State senate and school board candidates addressed voters at the Chamber of Commerce's Candidate Forum on Tuesday at Siloam Springs High School.
Candidates for State Senate District 35 and Siloam Springs School Board Zones 2 and 4 each answered four questions at the forum. Two of the questions were submitted to Chamber President and CEO Arthur Hulbert before the forum and two were submitted by members of the audience.
Tyler Dees, Gayla Hendren-McKenzie and Jeff Tennant are running in the Republican primary election for State Senate 35. Doug Peterson, the lone Libertarian candidate, also spoke at the forum. School board candidates Brian Lamb, Misti Stephens, Todd Varnadoe and Chris Whorton spoke after the senate candidates.
The primary and school board elections will be held May 24 and the primary runoff will be June 14, according to the Benton County Election Board's website.
Hulbert moderated the event, while Chamber intern Ashley Nikkel served as time keeper. The event was sponsored by Cox Business and Mary Kay--Caroline Geer. The forum had 100 live attendees and 659 people watching on Facebook Live with an engagement of 572, Hulbert said.
The forum started with the Pledge of Allegiance led by State Representative Robin Lundstrum (R-87), who also spoke briefly about how voters can access their ballots on voterview.org and that she was still Siloam Springs Representative until Jan. 1, 2023. Lundstrum encouraged attendees to contact her if they had any issues for 2022.
State Representative Delia Haak (R-91), who is running for new House District 17, spoke briefly. As the only candidate for the district, Haak was given three minutes to speak.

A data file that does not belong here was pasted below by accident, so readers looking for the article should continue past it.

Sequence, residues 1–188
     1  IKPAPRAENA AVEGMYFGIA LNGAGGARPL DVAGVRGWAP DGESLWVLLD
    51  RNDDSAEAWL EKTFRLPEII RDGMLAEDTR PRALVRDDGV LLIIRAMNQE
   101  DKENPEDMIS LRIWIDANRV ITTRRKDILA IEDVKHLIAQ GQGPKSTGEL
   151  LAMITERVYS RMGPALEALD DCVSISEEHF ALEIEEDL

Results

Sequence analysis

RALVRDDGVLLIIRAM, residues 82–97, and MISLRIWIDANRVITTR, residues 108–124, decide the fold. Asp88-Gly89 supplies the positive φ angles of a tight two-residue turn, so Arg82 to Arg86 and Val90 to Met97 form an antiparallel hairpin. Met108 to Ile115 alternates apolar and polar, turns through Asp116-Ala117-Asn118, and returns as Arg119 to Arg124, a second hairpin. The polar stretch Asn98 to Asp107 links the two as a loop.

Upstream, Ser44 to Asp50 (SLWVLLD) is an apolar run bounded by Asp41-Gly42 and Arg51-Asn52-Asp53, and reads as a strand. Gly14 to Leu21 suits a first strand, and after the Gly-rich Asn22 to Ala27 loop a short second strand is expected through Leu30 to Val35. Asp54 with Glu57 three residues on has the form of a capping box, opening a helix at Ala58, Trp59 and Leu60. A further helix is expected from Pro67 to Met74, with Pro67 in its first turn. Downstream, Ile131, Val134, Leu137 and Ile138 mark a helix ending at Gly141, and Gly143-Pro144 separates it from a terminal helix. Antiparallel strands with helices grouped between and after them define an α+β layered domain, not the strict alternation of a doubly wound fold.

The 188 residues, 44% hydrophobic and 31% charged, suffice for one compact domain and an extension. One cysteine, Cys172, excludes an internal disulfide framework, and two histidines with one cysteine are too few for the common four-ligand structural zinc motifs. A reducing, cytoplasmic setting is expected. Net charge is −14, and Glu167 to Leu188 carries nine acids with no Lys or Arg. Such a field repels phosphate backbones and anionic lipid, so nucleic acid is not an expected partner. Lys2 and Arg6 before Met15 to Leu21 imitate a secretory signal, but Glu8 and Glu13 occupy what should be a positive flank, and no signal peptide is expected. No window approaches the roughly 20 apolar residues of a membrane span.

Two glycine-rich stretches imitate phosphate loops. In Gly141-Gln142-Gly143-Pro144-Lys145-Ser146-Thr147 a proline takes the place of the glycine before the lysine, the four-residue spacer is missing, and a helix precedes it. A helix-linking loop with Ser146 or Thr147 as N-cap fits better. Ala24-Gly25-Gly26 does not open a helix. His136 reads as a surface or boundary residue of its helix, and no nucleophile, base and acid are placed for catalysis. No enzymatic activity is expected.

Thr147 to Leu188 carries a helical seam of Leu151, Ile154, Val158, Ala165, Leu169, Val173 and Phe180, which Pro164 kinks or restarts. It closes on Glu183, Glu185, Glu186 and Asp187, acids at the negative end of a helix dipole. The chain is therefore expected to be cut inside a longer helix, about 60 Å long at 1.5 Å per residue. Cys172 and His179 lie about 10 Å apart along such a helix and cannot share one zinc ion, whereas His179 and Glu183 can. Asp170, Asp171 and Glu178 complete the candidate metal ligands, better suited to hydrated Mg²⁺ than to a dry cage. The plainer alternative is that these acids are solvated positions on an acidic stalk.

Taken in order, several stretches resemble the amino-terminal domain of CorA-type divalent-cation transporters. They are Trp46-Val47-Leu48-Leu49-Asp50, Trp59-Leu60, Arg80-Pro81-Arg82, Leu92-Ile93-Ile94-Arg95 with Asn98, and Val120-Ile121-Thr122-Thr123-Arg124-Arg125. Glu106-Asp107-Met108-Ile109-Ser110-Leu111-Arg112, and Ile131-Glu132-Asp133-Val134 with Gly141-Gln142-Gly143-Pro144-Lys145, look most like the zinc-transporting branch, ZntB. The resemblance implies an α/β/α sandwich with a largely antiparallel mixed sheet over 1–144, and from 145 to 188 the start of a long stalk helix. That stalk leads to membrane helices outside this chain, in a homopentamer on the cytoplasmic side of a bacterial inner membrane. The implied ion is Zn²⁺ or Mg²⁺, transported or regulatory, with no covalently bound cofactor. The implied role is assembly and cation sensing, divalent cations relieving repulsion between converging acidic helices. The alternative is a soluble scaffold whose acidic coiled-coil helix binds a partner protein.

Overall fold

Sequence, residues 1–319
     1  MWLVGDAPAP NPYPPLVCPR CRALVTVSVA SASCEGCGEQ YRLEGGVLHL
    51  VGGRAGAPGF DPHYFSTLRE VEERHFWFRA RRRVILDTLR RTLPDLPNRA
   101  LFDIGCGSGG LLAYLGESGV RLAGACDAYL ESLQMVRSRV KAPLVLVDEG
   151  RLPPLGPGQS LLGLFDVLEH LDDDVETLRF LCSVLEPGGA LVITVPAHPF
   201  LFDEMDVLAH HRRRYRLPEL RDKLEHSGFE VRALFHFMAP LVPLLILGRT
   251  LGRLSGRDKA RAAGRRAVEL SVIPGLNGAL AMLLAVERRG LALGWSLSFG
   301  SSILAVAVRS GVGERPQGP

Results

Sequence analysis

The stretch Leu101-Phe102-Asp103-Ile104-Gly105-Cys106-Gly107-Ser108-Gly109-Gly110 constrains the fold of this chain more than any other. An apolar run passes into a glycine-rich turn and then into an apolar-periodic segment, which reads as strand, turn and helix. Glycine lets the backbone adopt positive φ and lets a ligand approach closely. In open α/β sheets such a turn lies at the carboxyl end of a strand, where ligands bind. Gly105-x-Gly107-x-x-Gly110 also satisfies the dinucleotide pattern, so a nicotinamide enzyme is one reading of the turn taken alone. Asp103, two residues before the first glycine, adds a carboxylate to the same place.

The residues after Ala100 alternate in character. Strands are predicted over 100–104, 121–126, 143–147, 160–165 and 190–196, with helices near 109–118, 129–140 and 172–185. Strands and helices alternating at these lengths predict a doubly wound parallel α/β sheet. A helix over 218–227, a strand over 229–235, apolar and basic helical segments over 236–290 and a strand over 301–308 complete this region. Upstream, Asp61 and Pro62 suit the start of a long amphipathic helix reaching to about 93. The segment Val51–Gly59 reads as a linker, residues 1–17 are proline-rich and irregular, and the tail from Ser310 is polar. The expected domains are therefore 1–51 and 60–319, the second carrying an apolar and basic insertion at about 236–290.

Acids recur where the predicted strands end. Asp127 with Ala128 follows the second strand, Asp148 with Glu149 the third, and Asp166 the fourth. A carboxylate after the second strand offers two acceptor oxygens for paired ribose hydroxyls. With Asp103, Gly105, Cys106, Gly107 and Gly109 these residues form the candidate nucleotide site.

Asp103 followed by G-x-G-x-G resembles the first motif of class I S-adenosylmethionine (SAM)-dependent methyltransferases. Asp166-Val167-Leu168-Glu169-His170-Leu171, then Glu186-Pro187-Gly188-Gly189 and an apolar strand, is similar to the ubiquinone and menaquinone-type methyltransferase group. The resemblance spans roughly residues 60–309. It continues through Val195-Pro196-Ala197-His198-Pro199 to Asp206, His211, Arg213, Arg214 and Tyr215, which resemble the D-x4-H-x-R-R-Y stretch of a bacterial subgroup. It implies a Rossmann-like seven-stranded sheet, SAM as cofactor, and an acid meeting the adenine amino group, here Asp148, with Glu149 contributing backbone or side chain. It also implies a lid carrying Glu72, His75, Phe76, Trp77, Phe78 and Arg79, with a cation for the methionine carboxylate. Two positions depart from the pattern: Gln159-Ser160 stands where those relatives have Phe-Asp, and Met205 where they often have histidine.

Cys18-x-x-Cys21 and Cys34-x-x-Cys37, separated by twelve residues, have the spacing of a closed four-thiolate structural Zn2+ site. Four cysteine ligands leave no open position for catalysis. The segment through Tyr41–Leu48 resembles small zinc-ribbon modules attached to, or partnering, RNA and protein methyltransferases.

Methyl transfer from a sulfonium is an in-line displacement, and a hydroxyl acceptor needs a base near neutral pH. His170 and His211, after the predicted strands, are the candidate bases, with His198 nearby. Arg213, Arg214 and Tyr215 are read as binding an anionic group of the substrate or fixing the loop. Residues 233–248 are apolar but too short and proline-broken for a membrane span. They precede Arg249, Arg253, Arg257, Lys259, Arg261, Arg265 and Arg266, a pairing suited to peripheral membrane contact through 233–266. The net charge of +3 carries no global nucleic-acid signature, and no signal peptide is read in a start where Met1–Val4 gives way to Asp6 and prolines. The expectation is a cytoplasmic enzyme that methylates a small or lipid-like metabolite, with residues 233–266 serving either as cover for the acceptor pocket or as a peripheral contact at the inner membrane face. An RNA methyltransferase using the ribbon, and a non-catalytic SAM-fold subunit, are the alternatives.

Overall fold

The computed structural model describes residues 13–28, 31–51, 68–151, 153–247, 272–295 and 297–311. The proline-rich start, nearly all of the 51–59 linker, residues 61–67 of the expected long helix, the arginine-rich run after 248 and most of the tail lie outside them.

Haak said she was a Constitutional conservative and believed wholeheartedly in the principles of the Republican Party. She also said she is rerunning because she wants to give back to her community.
"I wanted to run again because I treasure where I live and I take very seriously a huge responsibility and impact that we as legislatures have on their lives," Haak said.
Following Haak's turn, the senate candidates came up to speak. Each candidate had two minutes to introduce themselves in alphabetical order and spoke in order of alphabetical last name. Then each candidate were asked four questions and had two minutes to answer each.
Two of the questions were submitted prior to the forum and two were submitted by members of the audience. In the interest of space, only the first candidate to speak for each question had their answer listed.
Question 1: If you were elected what would be your top two issues that you would focus on in Little Rock?